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New Member

Native VLAN Review

Hi, folks:

1.) If you don't mind, let's talk about something basic: native VLANs. Legend has it that there is a need for a native VLAN (aka a VLAN in which untagged traffic is placed) for backward compatibility with switches that don't support dot1q tagging. But I think that has not been the case in many years. So what do we really need a native VLAN for these days?

2.) Also, by default, control plane traffic, such as CDP, PAgP, LACP, and VTP, send untagged frames between switches for protocol convergence. And also, by default, VLAN 1 is the VLAN in which untagged traffic belongs/is placed (the native VLAN). It is considered a best practice to block VLAN 1 on inter switch dot1q trunks - why, I'm not exactly sure. Anyway, if VLAN 1 is indeed blocked, how can the untagged contol plane frames exit the switch and how can the protocol converge across a switch pair or across the L2 domain (like VTP)?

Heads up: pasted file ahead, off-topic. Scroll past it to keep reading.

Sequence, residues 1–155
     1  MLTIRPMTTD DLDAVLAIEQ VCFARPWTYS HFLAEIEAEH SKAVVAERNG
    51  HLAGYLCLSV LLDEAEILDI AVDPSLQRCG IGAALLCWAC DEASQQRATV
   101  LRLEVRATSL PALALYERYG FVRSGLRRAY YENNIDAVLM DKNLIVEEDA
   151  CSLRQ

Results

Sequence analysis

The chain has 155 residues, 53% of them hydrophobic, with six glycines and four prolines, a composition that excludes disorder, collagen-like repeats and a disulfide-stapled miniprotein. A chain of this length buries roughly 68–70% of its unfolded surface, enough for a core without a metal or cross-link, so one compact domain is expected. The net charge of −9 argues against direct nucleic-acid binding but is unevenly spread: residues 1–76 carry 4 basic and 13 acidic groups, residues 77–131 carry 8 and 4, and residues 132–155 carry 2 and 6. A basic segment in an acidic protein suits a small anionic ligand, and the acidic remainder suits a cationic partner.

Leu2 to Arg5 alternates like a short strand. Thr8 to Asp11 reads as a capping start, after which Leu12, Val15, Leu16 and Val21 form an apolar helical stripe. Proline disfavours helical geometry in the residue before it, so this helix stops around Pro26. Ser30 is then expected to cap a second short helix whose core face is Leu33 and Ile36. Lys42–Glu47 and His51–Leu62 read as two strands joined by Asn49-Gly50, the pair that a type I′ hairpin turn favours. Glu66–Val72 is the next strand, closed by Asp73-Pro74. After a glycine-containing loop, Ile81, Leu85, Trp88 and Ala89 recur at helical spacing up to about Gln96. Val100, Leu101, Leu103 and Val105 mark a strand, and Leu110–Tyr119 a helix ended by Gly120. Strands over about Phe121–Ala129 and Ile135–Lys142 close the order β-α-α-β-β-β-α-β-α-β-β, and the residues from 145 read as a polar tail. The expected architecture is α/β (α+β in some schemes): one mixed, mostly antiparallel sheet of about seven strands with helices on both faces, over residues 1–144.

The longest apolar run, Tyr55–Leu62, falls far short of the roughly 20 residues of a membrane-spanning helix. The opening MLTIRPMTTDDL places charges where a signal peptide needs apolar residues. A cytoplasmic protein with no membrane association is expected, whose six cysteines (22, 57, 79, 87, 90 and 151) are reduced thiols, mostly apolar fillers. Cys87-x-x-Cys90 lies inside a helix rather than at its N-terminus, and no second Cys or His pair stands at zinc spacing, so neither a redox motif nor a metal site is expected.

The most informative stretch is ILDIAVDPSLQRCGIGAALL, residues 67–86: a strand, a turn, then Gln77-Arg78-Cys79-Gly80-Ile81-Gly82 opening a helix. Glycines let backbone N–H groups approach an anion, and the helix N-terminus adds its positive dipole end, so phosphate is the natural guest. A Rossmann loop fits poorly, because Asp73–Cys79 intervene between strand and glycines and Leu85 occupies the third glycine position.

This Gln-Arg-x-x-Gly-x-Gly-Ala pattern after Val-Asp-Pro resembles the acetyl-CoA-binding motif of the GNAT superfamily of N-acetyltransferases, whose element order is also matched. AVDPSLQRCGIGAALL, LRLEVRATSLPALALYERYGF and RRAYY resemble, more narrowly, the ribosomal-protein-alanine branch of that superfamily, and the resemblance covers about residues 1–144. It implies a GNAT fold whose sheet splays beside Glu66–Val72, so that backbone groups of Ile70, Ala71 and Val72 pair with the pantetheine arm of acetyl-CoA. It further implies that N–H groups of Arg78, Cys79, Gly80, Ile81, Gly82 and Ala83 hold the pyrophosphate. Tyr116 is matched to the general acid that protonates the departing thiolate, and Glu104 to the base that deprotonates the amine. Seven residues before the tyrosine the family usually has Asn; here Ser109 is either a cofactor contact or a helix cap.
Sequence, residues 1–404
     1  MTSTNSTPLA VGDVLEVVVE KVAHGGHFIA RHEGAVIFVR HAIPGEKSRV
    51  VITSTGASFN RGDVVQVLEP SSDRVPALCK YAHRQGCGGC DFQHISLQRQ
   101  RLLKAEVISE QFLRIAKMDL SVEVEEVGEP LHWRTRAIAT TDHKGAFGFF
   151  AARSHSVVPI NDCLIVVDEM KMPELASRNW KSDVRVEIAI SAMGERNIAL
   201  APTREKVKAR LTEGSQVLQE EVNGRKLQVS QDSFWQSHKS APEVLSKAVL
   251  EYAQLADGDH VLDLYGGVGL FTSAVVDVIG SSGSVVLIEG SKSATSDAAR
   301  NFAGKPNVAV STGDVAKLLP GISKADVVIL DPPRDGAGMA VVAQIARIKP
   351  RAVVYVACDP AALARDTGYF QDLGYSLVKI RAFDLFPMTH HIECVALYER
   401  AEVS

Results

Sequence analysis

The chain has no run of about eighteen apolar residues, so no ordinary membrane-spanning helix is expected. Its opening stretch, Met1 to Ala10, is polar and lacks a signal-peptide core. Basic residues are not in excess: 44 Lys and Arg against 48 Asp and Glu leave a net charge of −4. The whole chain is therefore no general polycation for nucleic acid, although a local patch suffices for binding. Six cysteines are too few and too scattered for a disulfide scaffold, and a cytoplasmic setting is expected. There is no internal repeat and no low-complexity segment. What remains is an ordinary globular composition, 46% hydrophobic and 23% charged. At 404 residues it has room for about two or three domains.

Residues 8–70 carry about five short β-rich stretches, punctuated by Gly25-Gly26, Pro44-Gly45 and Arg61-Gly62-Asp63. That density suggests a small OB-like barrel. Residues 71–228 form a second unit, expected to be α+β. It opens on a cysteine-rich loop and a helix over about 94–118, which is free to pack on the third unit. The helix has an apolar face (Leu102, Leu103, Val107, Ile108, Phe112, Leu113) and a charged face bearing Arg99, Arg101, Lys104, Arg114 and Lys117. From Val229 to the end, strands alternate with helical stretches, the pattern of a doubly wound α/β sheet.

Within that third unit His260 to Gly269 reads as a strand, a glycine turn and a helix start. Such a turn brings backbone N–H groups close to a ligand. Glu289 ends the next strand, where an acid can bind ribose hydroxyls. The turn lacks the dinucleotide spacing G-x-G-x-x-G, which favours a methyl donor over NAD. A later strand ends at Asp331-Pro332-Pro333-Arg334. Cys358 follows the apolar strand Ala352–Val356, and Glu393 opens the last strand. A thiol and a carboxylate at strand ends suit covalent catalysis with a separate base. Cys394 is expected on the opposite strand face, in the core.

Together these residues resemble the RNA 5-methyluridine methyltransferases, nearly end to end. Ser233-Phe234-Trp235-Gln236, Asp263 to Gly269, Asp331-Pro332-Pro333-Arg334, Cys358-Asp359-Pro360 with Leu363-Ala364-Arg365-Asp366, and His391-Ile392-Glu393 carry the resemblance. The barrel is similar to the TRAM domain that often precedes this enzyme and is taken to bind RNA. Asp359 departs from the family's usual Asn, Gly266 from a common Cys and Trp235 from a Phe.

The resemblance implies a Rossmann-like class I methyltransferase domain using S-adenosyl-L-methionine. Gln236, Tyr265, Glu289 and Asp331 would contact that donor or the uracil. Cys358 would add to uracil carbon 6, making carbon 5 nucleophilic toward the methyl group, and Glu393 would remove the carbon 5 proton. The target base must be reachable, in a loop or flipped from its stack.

3.) Lastly, sometimes the native VLAN is changed on a dot1q trunk from VLAN 1 to, say, VLAN 999 (or whatever other number). Why is that? What is the real value in doing that?

Thanks in advance for the answers.

JS

7 REPLIES
Cisco Employee

Native VLAN Review

Hi,

++ Native vlan no can be changed but it cannot be blocked.

For testing purpose i created this setup:

=============================

sw1--fa0/19-----fa0/19--sw3

SW1 configs:

=========

switch1#sh run inter fa 0/19

Building configuration...

Current configuration : 175 bytes

!

interface FastEthernet0/19

switchport trunk encapsulation dot1q

switchport trunk native vlan 3

switchport trunk allowed vlan 1,99

switchport mode dynamic desirable

end

switch1#sh int fa 0/19 trunk

Port        Mode             Encapsulation  Status        Native vlan

Fa0/19      desirable        802.1q         trunking      3

Port        Vlans allowed on trunk

Fa0/19      1,99

Port        Vlans allowed and active in management domain

Fa0/19      1

Port        Vlans in spanning tree forwarding state and not pruned

Fa0/19      1

switch1#sh int fa 0/19 sw

Name: Fa0/19

Switchport: Enabled

Administrative Mode: dynamic desirable

Operational Mode: trunk

Administrative Trunking Encapsulation: dot1q

Operational Trunking Encapsulation: dot1q